In the presidential election we’re once again hearing the “spoiler” epithet applied to third party presidential candidates.

But there’s an unusual twist in the U.S. Senate race in Maine.

The target is Democratic nominee Cynthia Dill.

“Spoiler” talk often arises in close elections in which voters have more than two choices.

In 1980, for example, some Democrats accused my independent candidacy of helping Ronald Reagan beat Jimmy Carter.

Ross Perot and Ralph Nader were also attacked for daring to introduce new ideas and approaches to voters.


This year’s presidential election targets are the Libertarian Party’s Gary Johnson, Constitution Party’s Virgil Goode and Green Party’s Jill Stein.

Johnson was a Republican governor of New Mexico and Goode a Republican congressman, triggering particularly vigorous efforts by Mitt Romney backers to deny them spots on state ballots.

The reason is math and bad voting rules.

Under plurality voting laws established by most states, presidential candidates are able to win all of a state’s electoral votes with a minority of the vote.

In 1992, Ross Perot’s strong performance led to only one state being won with more than 50 percent of the vote.

In 2000, Al Gore lost Florida and the presidency by 537 votes even as Ralph Nader won more than 181 times that margin in the state.


In Maine, the Democrats are becoming the “spoiler” party.

In the 2010 governor’s race, Tea Party-backed Republican Paul LePage won 37.6 percent of the vote, edging more centrist independent Elliot Cutler (35.9 percent), Democrat Libby Mitchell (18.8 percent) and other candidates (7.7 percent). Cutler almost certainly would have defeated LePage easily in a one-on-one race.

This year, the Democrats’ Senate nominee Dill trails Republican Charlie Summers and independent Angus King.

Although most polls show King with a larger lead, a GS Strategy Group poll had King with 37 percent, Summers 33.5 percent and Dill with 17 percent — close to the 2010 outcome.

That’s why the Democratic Senatorial Campaign Committee has run ads attacking Summers, but leaving King unscathed.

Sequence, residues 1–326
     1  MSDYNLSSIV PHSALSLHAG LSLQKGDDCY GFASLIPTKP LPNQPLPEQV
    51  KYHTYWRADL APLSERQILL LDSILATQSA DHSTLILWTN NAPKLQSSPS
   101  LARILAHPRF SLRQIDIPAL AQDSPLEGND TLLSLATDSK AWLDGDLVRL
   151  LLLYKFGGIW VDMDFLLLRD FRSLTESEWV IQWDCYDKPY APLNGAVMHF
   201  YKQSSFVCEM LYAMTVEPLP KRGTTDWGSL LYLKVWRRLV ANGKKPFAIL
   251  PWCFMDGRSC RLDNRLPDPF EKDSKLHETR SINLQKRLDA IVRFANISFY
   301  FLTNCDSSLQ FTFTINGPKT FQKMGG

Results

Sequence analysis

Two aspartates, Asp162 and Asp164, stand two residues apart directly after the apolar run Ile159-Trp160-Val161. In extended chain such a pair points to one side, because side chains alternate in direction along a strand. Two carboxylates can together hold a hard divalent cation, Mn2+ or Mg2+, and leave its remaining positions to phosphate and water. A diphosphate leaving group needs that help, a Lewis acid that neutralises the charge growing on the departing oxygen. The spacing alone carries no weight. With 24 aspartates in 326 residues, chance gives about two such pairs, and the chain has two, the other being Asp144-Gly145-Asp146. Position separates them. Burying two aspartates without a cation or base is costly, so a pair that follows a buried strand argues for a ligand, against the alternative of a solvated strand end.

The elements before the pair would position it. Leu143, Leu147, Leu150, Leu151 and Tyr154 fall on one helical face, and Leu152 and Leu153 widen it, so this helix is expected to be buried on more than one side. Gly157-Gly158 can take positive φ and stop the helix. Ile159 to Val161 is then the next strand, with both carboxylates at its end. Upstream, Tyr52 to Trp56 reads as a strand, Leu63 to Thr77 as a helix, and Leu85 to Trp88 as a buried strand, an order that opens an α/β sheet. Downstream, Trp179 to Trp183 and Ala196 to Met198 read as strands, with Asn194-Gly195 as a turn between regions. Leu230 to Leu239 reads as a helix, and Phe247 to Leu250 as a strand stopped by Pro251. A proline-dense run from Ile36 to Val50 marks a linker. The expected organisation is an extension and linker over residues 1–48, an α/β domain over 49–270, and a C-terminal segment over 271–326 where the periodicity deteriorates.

The Chamber of Commerce has attacked King, but ignored Dill.


One influential columnist even called on Dill to leave the race.

Democrats can expect more of the same in 2014, when Republican LePage and Democrat Cutler are likely to start off well ahead in the gubernatorial election.

Distorted outcomes and calls for candidates to abandon races underscore the bankruptcy of plurality voting.

Plurality voting forces many voters to vote for a lesser choice candidate rather than one they actually want.

Those voters who refuse to compromise may perversely help elect the candidate they dislike the most.

Either way, they lose.


It’s time for our politicians to uphold majority rule.

Ranked-choice voting (RCV) would allow Americans to achieve the basic goal of representative democracy– electing the candidate with the most support — while ending the concept of “spoiler.”

With such a system, voters can rank candidates in order of choice: first, second and third.

A candidate can win with a majority of first choices.

If there’s no majority winner, the last place candidate is eliminated, and that candidate’s backers have their votes added to the totals of their compromise choice.

This process continues until there’s a majority winner.


It is a proven voting method.

It’s used to elect Ireland’s president, London’s mayor, Australia’s House of Representatives and city leaders in Oakland, Calif.; San Francisco, Minneapolis and St. Paul, Minn.

Voters in Maine’s largest city of Portland used RCV in a much-praised mayoral election last year.

The latest optical scan voting machines make RCV easy to implement.

So the next time you hear a politician talk about “spoilers,” tell them to stop complaining and start standing up for voters.

Our politicians have nothing to fear if truly believing in their party’s ability to win electoral majorities.

Let’s put RCV in place for our presidential elections — and in states like Maine for 2014 elections for governor.

John B. Anderson, former Illinois congressman,was an independent candidate for president in 1980. He serves on the board of FairVote, a nonpartisan electoral reform organization based in Maryland.


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